In the past couple of weeks Hugh Hewitt has been very generous in giving me opportunities on his radio show to correct his misunderstandings regarding President Bush's "guest worker" proposal. I first called on this subject on December 13th, specifically about Hillary Clinton's declaration that she is "you know, adamantly against illegal immigrants."
While discussing with Hugh the risks to the GOP that might arise from Senator Clinton's obvious attempt to triangulate to the right of the President, I took the opportunity to contrast the Bush plan to the superior guest worker program contained within HR 3534, Congressman Tom Tancredo's BE REAL Act. It became clear, though, that Hugh was under the mistaken impression that the President's plan had nothing to do with illegal aliens. I explained that while that is true of the Tancredo guest worker plan, the Bush plan would very generously reward millions of illegal aliens with legalization as guest workers by virtue of the jobs they currently hold illegally.
Hugh remained uncertain, but it appears that President Bush had listened keenly to the exchange because in his December 20th press conference he took a little time to help me set Hugh straight:
"Now let me talk about the immigration issue. First, we want our border patrol agents chasing crooks and thieves and drug runners and terrorists, not good-hearted people who are coming here to work. And therefore, it makes sense to allow the good-hearted people who are coming here to do jobs that Americans won't do a legal way to do so. And providing that legal avenue, it takes the pressure off the border."
President Holds Press Conference
December 20th, 2004 | Dwight DC Eisenhower Executive Office Building
Thanks Mr. President!
When Hugh replayed President Bush's comments later that afternoon, I did what any detached observer of the human condition, conservative talk radio, and the blogosphere would do: I called in to gloat.
Hugh surprised me. When I told him that there was no difference between legalization and regularization, he said that President Bush's guest worker program wasn't a legalization of illegal aliens, because they could "never become a citizen, never." When I assured him that illegal aliens most certainly could become citizens under the Bush plan, Hugh replied again "no it's bracero, they will never become citizens."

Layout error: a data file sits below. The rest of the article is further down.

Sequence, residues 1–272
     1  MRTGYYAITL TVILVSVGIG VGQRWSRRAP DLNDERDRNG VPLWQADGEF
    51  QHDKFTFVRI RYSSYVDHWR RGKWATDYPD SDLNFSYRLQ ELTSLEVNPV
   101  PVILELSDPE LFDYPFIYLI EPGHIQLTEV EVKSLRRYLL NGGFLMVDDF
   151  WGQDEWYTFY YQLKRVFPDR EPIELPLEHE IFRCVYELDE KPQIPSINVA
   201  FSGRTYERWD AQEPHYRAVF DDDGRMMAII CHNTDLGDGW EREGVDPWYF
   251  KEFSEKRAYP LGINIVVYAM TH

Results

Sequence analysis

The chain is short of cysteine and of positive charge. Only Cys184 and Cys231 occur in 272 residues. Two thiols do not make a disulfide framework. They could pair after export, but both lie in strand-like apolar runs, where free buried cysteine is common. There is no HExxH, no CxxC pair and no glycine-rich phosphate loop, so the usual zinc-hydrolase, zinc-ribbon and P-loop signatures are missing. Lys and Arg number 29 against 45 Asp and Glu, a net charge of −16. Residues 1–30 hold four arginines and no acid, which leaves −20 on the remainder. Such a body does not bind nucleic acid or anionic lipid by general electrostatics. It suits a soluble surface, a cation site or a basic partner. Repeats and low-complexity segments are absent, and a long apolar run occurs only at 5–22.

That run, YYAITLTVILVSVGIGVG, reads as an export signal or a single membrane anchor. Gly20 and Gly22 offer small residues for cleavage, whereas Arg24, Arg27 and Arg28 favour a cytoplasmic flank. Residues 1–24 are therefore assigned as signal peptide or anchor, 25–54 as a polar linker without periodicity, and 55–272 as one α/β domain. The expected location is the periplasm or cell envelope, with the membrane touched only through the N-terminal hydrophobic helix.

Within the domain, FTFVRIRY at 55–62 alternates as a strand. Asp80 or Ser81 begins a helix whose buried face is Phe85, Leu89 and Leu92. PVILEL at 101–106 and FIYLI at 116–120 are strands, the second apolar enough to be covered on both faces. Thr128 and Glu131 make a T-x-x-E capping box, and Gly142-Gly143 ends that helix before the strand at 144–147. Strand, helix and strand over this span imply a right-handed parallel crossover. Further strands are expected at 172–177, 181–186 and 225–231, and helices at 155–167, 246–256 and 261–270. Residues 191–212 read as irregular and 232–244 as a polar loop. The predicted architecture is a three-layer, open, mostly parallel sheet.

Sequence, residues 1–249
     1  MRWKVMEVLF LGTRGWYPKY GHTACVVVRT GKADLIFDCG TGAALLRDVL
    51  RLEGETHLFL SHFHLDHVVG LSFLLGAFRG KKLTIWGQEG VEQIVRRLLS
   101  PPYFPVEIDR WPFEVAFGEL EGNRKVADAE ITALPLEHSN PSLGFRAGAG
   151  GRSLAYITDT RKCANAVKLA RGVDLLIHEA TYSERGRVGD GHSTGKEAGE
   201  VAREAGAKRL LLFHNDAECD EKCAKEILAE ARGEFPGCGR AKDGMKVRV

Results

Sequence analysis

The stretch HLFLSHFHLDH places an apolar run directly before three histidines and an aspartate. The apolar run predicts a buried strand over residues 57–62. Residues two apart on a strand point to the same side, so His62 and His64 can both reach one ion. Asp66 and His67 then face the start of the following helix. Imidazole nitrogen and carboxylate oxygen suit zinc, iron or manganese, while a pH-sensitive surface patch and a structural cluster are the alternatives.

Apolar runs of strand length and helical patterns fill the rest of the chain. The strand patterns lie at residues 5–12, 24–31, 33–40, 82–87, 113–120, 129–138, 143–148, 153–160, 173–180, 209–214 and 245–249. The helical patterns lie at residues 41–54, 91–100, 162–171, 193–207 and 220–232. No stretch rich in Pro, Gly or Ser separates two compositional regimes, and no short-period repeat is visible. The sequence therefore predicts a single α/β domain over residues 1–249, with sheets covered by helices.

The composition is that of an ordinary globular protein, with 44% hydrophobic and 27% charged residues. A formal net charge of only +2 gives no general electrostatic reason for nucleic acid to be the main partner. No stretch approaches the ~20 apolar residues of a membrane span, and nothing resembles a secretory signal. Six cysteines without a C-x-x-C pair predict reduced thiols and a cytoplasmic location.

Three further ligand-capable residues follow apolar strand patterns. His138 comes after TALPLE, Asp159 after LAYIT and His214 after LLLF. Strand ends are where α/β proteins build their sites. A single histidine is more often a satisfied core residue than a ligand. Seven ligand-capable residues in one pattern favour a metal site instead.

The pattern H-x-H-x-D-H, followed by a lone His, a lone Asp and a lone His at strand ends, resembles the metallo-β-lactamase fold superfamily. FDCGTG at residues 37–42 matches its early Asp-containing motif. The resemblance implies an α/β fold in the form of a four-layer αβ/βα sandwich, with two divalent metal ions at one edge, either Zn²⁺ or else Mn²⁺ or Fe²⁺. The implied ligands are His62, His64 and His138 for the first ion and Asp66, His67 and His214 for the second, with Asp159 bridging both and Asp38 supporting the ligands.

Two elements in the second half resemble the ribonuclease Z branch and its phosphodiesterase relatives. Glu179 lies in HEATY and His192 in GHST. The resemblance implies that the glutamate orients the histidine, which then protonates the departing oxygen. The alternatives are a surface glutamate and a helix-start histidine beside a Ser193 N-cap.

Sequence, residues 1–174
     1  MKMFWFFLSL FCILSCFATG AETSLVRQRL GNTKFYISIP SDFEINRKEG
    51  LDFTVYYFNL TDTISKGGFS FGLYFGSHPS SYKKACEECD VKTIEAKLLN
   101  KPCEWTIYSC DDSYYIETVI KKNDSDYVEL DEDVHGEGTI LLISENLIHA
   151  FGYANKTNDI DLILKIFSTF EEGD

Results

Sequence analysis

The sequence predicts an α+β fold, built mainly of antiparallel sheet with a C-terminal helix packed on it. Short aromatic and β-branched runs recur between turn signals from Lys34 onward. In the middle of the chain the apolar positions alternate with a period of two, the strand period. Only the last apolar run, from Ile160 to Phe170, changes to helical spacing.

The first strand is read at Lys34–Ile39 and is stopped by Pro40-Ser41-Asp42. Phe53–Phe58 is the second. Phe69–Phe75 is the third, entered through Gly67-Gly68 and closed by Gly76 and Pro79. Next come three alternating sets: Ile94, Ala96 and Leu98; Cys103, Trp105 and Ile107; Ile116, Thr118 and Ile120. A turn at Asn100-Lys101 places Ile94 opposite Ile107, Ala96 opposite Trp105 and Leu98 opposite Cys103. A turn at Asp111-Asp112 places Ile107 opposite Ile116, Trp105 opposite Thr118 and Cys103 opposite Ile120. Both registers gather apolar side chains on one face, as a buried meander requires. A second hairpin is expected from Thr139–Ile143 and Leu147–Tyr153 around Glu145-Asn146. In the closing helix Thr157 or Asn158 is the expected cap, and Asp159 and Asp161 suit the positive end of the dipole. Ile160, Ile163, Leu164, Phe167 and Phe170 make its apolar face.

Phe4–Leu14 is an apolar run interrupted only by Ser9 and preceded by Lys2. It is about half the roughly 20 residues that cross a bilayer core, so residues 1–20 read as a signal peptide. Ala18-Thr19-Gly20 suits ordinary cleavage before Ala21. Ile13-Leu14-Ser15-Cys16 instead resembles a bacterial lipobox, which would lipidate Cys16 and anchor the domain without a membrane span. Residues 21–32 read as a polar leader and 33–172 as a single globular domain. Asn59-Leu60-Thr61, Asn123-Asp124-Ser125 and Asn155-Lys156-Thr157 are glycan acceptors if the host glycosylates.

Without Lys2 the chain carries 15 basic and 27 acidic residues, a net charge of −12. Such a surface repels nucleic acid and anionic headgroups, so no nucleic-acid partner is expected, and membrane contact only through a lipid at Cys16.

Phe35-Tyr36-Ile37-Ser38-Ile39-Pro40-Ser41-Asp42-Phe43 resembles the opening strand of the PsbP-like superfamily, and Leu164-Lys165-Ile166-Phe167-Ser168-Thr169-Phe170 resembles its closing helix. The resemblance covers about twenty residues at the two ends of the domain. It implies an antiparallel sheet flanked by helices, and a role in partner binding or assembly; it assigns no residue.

President Bush's Citizenship Path for Illegal Aliens
December 21, 2004 | The Tar Pit
Though the President had clearly said he wants to allow illegal aliens "who are coming here to do jobs that Americans won't do a legal
way to do so," Christmas was coming and he couldn't be expected to jump into the fray again for Hugh's sake. Fortunately, Michelle Malkin
and Puddle Pirate
over at Brain Shavings
stepped up and soon noted that Hugh was incorrect, that illegal aliens would indeed be eligible for eventual citizenship under the Bush plan, exactly as I had explained.
Since that's established, let's clarify Hugh's other misunderstanding that there might be some distinction between legalizing and regularizing illegal aliens, and that "legalizing" illegals necessarily entailed some path to citizenship.
Illegal aliens are classified as such because they are on American soil and they are in illegal status. Common sense would suggest that any
change of an illegal alien's status while on American soil must require some form of legalization. Even President Bush spoke of making a "legal way" for illegal aliens to work in America. Of course, common sense and government policy don't always go together like chocolate and peanut butter, so Mr. Hewitt can hardly be faulted for ignoring common sense when coming to his conclusions.
SI 00501.440 Immigration Reform and Control Act of 1986
The Immigration Reform and Control Act of 1986 (IRCA) (Public Law 99-603) amended and repealed sections of the Immigration and Nationality Act (INA). The IRCA provides for the legalization of illegal aliens who meet certain requirements and updates the registry date which allows INS to process certain illegal aliens differently.
Aliens granted LTR [lawful temporary residence] status may apply for lawfully admitted permanent resident (LAPR) status within the 1-year period beginning with the nineteenth month that begins after the date LTR status is granted.
The process of adjusting the status of certain aliens to that of lawful temporary residents.
One has to feel for Hugh, to be let down by his own government like that.
"Regularization" and "normalization" of illegal aliens are euphemisms for changing "status," which is a euphemism for legalizing illegal aliens.
1. The President's "guest worker" plan would include illegal aliens.
2. The President's "guest worker" plan puts illegal aliens on a path to citizenship.
3. Any change of an illegal alien's status that doesn't involve deportation is legalization.
The score so far, early in the first quarter:
Pac Ten 21
Big Ten 0
We'll be back after a commercial break.
As we rejoin the action, let's replay Hugh Hewitt's position when I asked him if he would be able to support the President's "guest worker" program if it allowed legalized illegal aliens access to citizenship:"I won't like the program."